27:5-10 Instead, Judas resorted to suicide and hanged himself (27:5). Guilt is real, and the only true remedy for your guilt before God is the cross of Christ. Don’t miss that the chief priests took the silver Judas had returned and bought a field with the money as a burial place (7:6-8). Matthew highlights this as another fulfillment of Old Testament prophecy (27:9-10).

27:11-14 When asked by Pilate if he was the King of the Jews, Jesus affirmed it (27:11-12). But he refused to answer the accusations leveled at him by the chief priests and elders (fulfilling Isa 53:7), so Pilate was amazed (27:13-14).

27:15-19 Pilate had a custom of releasing a prisoner to the people at the festival (27:15). He knew the Jewish leaders had handed over Jesus because of envy (27:18). The Galilean rabbi was getting all the attention of the people, and the leaders wanted him out of the way. Pilate therefore gave the people the option of having Barabbas (a rebel and a murderer; see Luke 23:19) or Jesus released, assuming they would ask for Jesus (27:16-17). Interestingly, Pilate’s wife warned him to have nothing to do with that righteous man because she’d had a nightmare about Jesus (27:19). Undoubtedly, Pilate was eager to be finished with the case of the Jewish Messiah.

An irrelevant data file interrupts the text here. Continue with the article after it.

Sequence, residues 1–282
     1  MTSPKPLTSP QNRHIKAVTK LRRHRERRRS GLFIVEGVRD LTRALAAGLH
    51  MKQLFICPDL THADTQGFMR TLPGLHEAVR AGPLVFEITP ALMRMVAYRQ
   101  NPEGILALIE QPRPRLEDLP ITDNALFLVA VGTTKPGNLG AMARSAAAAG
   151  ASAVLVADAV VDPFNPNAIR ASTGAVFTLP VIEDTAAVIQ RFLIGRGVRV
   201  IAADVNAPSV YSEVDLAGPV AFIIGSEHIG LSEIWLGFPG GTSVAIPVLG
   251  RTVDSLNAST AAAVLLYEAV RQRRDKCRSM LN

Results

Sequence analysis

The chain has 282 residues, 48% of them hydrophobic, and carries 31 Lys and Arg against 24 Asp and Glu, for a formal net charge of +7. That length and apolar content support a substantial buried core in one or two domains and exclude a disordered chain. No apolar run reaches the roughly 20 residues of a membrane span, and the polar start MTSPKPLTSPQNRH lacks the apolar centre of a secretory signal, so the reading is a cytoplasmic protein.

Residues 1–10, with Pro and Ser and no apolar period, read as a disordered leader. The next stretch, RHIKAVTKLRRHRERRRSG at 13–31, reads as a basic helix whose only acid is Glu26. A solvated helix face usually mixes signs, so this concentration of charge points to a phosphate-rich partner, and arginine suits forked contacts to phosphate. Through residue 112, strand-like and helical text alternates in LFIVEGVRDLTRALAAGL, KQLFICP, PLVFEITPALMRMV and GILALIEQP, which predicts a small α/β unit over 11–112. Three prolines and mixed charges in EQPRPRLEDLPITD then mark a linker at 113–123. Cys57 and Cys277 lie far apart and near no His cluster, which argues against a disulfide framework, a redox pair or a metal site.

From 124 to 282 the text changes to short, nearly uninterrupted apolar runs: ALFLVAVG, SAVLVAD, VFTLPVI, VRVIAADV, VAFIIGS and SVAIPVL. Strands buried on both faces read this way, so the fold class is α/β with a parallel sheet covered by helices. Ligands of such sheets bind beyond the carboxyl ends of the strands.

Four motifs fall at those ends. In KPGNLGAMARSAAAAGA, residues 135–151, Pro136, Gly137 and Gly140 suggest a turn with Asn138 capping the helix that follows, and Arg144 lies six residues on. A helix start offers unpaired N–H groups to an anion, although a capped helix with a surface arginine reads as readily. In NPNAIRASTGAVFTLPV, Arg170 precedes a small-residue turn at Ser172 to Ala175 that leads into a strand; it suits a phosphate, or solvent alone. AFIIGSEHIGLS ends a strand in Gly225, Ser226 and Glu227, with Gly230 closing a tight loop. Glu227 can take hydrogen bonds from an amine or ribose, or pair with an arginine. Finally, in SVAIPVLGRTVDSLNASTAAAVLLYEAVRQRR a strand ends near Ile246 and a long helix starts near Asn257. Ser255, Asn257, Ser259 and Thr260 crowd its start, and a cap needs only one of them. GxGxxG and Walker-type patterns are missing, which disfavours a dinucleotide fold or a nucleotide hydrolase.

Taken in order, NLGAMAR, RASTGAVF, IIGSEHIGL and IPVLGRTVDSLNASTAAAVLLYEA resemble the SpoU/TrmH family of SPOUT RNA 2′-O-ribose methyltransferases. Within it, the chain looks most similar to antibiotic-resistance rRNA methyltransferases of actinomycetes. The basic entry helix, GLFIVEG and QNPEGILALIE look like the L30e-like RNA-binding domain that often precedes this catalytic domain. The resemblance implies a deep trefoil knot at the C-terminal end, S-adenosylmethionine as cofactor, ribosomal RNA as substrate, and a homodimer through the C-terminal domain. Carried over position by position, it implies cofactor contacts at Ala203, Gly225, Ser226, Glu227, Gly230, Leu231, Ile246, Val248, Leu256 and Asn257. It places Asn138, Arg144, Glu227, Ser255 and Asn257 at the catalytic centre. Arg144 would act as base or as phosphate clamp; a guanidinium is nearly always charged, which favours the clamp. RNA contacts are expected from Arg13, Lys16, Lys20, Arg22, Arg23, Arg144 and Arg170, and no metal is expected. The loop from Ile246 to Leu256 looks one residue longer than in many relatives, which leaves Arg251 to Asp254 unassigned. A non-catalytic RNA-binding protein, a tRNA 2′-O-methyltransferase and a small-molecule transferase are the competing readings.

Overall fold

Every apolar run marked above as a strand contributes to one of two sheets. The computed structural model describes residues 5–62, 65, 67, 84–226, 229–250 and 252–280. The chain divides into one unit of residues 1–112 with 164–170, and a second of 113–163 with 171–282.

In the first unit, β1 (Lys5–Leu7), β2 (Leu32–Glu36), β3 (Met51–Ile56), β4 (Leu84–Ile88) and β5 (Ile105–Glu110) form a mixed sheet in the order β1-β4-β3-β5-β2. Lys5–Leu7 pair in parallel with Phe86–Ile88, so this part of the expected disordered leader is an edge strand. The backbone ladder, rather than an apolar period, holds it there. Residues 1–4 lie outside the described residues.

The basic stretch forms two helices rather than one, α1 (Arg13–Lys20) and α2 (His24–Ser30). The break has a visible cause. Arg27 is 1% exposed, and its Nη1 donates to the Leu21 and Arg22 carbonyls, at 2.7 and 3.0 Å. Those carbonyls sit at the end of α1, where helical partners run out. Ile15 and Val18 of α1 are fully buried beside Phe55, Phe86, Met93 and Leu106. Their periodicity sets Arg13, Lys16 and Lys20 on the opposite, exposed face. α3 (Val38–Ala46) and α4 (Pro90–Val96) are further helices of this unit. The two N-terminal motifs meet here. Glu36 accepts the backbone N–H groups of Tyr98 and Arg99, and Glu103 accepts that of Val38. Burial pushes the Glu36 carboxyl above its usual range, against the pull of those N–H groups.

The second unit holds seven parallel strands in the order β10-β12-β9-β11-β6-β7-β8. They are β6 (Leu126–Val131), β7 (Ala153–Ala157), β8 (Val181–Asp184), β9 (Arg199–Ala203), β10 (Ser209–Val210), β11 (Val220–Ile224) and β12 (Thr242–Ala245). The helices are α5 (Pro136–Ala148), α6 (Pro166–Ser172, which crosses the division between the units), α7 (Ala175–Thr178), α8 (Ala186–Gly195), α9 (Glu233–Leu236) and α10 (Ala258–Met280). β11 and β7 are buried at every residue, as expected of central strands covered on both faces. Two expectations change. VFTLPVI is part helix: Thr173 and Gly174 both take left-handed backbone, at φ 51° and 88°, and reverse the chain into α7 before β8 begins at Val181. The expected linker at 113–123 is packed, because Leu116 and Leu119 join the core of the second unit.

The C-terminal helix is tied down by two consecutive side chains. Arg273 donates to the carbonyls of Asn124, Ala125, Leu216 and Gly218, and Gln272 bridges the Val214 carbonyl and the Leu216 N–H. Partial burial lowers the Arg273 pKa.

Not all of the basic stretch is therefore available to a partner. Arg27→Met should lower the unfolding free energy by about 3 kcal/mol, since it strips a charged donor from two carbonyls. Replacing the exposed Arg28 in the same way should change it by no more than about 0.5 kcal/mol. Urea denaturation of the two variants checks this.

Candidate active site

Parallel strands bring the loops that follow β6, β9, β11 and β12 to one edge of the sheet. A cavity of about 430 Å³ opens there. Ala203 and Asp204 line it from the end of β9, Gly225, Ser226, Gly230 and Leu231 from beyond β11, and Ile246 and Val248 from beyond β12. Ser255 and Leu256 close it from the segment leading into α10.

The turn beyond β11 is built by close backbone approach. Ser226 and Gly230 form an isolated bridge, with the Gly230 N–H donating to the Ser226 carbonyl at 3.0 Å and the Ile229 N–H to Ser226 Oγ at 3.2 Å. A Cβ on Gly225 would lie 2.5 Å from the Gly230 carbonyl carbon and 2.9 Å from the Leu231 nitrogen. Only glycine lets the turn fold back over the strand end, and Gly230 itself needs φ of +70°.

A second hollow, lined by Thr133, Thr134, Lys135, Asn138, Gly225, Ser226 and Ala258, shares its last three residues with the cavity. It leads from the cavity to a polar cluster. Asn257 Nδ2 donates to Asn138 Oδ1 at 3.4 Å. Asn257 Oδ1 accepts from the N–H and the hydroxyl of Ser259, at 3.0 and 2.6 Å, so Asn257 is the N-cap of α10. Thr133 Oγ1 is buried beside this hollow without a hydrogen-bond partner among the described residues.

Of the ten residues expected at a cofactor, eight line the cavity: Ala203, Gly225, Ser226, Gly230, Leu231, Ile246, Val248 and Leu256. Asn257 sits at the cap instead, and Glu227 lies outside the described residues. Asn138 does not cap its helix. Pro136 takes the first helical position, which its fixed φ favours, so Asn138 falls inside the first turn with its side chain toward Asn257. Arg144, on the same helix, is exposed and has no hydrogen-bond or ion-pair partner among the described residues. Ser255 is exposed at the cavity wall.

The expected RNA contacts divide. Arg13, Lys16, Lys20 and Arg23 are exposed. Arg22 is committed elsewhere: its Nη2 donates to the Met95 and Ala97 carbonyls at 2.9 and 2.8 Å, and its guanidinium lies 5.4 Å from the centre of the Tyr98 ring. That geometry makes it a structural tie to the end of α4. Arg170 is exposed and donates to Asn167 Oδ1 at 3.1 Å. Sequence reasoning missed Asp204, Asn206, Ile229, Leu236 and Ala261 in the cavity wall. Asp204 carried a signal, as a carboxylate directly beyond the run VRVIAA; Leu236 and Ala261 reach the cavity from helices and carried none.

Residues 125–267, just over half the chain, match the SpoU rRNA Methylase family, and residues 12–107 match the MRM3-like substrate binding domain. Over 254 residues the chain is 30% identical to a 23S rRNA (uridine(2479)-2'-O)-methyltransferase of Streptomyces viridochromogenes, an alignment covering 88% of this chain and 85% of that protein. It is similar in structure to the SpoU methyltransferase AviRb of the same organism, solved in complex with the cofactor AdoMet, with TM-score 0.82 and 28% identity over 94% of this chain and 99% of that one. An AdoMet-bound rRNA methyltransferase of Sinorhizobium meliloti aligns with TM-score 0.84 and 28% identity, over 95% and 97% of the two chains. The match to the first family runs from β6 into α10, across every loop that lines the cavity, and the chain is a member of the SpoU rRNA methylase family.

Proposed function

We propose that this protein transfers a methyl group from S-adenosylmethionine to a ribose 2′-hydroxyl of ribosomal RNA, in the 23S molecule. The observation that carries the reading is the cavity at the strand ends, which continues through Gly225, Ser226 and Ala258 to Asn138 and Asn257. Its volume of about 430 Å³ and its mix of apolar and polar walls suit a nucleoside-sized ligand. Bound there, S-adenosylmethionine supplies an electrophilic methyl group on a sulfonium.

27:20-24 The chief priests were determined to kill Jesus. They persuaded the crowds to demand the release of Barabbas and the crucifixion of Jesus (27:20-23). To avoid a riot over the matter, Pilate washed his hands in front of the crowd to symbolize that he had nothing to do with Jesus’s condemnation and was innocent of his blood (27:24). Some people today try to follow a similar course. They attempt to withhold judgment about Jesus, thinking they can take a middle road. But Jesus said, “Anyone who is not with me is against me” (12:30). There is no neutral choice regarding the Messiah. There are only two eternal destinies, and each is based on acceptance or rejection of Jesus Christ.

27:25-26 In response to Pilate’s actions, the Jews in the crowd accepted the blame for Jesus’s execution (27:25). Therefore, Pilate released Barabbas, had Jesus flogged, and handed him over to be crucified (27:26). Flogging or scourging involved the use of a whip of leather strips with bits of bone or metal tied to their ends. A cruel beating with this weapon would rip the skin from the victim’s back, exposing tissue and bones. Flogging alone could result in death.